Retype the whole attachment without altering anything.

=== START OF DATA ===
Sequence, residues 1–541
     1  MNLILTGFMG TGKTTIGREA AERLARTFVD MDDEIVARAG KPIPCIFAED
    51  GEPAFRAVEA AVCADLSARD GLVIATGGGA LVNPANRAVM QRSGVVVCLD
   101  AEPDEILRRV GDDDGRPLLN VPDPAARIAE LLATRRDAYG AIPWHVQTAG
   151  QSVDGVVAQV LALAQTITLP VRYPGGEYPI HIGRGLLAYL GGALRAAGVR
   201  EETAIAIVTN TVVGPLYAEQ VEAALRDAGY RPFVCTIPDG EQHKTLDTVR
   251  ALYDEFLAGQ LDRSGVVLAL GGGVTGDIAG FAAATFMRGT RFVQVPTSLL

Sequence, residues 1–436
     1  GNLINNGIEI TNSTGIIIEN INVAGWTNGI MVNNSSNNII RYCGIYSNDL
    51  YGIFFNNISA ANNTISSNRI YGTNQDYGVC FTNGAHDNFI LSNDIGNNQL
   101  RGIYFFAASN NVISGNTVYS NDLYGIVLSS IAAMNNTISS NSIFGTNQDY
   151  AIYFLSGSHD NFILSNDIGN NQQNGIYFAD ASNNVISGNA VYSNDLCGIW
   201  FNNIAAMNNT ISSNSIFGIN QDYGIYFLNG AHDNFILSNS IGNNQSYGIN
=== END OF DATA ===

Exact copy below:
Sequence, residues 1–541
     1  MNLILTGFMG TGKTTIGREA AERLARTFVD MDDEIVARAG KPIPCIFAED
    51  GEPAFRAVEA AVCADLSARD GLVIATGGGA LVNPANRAVM QRSGVVVCLD
   101  AEPDEILRRV GDDDGRPLLN VPDPAARIAE LLATRRDAYG AIPWHVQTAG
   151  QSVDGVVAQV LALAQTITLP VRYPGGEYPI HIGRGLLAYL GGALRAAGVR
   201  EETAIAIVTN TVVGPLYAEQ VEAALRDAGY RPFVCTIPDG EQHKTLDTVR
   251  ALYDEFLAGQ LDRSGVVLAL GGGVTGDIAG FAAATFMRGT RFVQVPTSLL

Sequence, residues 1–436
     1  GNLINNGIEI TNSTGIIIEN INVAGWTNGI MVNNSSNNII RYCGIYSNDL
    51  YGIFFNNISA ANNTISSNRI YGTNQDYGVC FTNGAHDNFI LSNDIGNNQL
   101  RGIYFFAASN NVISGNTVYS NDLYGIVLSS IAAMNNTISS NSIFGTNQDY
   151  AIYFLSGSHD NFILSNDIGN NQQNGIYFAD ASNNVISGNA VYSNDLCGIW
   201  FNNIAAMNNT ISSNSIFGIN QDYGIYFLNG AHDNFILSNS IGNNQSYGIN